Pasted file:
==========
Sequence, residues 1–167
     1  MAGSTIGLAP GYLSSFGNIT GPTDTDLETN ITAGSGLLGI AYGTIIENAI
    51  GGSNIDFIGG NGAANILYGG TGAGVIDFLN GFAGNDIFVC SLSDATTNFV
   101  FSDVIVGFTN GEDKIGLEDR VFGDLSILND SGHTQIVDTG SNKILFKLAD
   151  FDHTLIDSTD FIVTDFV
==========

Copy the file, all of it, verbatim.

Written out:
Sequence, residues 1–167
     1  MAGSTIGLAP GYLSSFGNIT GPTDTDLETN ITAGSGLLGI AYGTIIENAI
    51  GGSNIDFIGG NGAANILYGG TGAGVIDFLN GFAGNDIFVC SLSDATTNFV
   101  FSDVIVGFTN GEDKIGLEDR VFGDLSILND SGHTQIVDTG SNKILFKLAD
   151  FDHTLIDSTD FIVTDFV